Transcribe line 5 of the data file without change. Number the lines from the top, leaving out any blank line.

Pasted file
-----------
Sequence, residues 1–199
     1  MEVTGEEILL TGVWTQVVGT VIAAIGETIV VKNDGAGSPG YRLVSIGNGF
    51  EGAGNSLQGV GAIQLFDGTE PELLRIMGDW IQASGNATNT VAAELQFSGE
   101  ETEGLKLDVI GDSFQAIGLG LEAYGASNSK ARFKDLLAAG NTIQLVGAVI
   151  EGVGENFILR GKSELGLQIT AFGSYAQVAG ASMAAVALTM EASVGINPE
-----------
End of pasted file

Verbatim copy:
   151  EGVGENFILR GKSELGLQIT AFGSYAQVAG ASMAAVALTM EASVGINPE